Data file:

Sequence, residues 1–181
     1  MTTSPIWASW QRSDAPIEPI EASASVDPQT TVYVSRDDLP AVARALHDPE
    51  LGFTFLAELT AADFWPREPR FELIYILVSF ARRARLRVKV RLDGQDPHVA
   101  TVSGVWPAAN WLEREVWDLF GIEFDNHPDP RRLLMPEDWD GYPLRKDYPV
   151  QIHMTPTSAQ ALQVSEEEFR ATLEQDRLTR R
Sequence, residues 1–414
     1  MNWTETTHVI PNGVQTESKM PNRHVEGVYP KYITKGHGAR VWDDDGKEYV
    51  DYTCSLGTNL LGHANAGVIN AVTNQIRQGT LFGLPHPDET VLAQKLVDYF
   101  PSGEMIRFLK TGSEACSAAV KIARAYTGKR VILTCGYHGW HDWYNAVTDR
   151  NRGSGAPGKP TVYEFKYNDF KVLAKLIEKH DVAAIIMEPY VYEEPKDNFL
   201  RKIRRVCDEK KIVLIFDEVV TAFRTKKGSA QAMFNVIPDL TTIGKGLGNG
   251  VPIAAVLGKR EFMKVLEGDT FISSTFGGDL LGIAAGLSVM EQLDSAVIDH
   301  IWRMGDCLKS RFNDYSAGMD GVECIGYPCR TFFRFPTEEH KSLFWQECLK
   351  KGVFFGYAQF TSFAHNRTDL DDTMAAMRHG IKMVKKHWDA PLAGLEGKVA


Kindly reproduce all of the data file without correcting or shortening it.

Sequence, residues 1–181
     1  MTTSPIWASW QRSDAPIEPI EASASVDPQT TVYVSRDDLP AVARALHDPE
    51  LGFTFLAELT AADFWPREPR FELIYILVSF ARRARLRVKV RLDGQDPHVA
   101  TVSGVWPAAN WLEREVWDLF GIEFDNHPDP RRLLMPEDWD GYPLRKDYPV
   151  QIHMTPTSAQ ALQVSEEEFR ATLEQDRLTR R
Sequence, residues 1–414
     1  MNWTETTHVI PNGVQTESKM PNRHVEGVYP KYITKGHGAR VWDDDGKEYV
    51  DYTCSLGTNL LGHANAGVIN AVTNQIRQGT LFGLPHPDET VLAQKLVDYF
   101  PSGEMIRFLK TGSEACSAAV KIARAYTGKR VILTCGYHGW HDWYNAVTDR
   151  NRGSGAPGKP TVYEFKYNDF KVLAKLIEKH DVAAIIMEPY VYEEPKDNFL
   201  RKIRRVCDEK KIVLIFDEVV TAFRTKKGSA QAMFNVIPDL TTIGKGLGNG
   251  VPIAAVLGKR EFMKVLEGDT FISSTFGGDL LGIAAGLSVM EQLDSAVIDH
   301  IWRMGDCLKS RFNDYSAGMD GVECIGYPCR TFFRFPTEEH KSLFWQECLK
   351  KGVFFGYAQF TSFAHNRTDL DDTMAAMRHG IKMVKKHWDA PLAGLEGKVA